California lawmakers ordered an accelerated audit of the embattled parks department on Wednesday (Aug. 9), adding to a growing list of probes examining state finances in the wake of an accounting scandal.

The Los Angeles Times reported that the review, to be conducted by the state auditor, will examine a hidden $54-million surplus discovered in parks accounts last month and an unauthorized program allowing employees to trade in unused vacation time for more than $271,000 in cash.

“It’s a victory for transparency in state government,” said Assemblywoman Beth Gaines (R-Rocklin), part of a bipartisan group of lawmakers who had pushed for the audit.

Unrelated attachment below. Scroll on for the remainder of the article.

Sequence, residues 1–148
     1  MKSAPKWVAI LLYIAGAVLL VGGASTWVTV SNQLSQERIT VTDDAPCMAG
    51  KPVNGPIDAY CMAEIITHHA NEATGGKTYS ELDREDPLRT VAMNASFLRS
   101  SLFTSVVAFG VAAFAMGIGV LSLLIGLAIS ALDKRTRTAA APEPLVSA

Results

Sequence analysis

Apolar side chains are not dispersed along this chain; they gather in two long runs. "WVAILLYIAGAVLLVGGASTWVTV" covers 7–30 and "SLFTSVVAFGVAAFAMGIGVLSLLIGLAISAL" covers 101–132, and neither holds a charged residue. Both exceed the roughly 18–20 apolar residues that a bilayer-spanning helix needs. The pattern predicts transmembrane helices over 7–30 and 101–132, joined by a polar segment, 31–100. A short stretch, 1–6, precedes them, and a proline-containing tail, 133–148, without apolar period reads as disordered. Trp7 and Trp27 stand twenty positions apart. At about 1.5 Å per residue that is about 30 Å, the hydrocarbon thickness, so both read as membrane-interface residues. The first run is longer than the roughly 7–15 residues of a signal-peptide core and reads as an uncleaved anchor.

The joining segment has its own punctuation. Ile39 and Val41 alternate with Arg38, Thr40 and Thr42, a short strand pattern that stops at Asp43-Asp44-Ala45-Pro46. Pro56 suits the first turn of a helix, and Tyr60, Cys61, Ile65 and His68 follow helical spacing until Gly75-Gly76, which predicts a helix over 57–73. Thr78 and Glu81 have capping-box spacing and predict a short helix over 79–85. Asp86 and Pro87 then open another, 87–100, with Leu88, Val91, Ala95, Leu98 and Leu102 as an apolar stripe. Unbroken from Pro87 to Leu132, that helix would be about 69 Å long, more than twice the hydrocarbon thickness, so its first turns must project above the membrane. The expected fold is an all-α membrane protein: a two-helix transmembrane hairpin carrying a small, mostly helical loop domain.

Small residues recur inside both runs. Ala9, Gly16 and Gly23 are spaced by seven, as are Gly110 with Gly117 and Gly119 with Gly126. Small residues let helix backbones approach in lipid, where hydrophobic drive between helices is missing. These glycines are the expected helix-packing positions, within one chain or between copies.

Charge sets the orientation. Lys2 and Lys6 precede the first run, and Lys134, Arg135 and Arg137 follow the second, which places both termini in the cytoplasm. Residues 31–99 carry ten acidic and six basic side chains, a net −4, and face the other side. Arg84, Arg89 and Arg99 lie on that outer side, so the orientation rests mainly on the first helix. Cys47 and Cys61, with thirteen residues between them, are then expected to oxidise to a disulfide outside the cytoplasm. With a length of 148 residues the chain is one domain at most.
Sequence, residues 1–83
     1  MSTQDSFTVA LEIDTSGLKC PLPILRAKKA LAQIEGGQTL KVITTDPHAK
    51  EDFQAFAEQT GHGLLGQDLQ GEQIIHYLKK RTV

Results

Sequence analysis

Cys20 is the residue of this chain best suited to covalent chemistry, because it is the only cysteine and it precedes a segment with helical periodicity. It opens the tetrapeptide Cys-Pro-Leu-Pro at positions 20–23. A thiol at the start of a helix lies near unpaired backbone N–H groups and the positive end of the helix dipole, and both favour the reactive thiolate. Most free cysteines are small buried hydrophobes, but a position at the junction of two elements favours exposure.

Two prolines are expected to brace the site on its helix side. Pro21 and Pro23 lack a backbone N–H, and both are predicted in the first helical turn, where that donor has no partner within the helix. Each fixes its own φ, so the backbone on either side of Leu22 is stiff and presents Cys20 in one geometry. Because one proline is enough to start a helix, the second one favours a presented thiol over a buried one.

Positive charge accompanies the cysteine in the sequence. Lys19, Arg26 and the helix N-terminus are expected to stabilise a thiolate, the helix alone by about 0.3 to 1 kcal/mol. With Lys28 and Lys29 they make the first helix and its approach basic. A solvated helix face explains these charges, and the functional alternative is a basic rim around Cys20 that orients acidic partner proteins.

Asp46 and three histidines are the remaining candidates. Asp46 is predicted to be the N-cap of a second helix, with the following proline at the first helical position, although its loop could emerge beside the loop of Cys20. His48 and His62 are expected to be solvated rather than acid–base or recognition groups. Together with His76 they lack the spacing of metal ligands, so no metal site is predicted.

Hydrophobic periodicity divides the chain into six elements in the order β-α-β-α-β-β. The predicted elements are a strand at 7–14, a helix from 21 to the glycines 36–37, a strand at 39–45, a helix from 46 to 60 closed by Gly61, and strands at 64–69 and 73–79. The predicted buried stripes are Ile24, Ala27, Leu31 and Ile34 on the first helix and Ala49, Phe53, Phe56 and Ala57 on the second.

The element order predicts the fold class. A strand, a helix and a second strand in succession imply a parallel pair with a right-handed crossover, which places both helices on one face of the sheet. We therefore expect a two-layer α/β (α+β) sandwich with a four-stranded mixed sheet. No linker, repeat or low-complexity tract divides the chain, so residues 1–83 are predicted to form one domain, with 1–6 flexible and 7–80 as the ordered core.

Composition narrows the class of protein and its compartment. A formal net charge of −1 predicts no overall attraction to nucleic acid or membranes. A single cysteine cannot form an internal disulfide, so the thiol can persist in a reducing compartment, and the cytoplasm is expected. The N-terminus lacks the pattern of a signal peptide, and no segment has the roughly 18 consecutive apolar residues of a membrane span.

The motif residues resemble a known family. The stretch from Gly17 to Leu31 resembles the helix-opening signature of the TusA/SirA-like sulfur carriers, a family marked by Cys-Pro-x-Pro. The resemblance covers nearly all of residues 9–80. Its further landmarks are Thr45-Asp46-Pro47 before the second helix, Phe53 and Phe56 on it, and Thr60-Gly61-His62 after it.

The parks money, which had been stashed away for at least a dozen years, was found as the state was soliciting donations to keep as many as 70 parks open amid a budget crisis. Some local governments that forked over money to keep parks open have demanded it back, and lawmakers are concerned that the accounting scandal will create a rift between the state and a community of parks supporters.

“This is a disaster for our efforts to build partnerships and create strategies to support our state parks,” said Assemblyman Jared Huffman (D-San Rafael). “There’s only one way to fix it, and that is to act as quickly as possible to restore public trust and confidence.”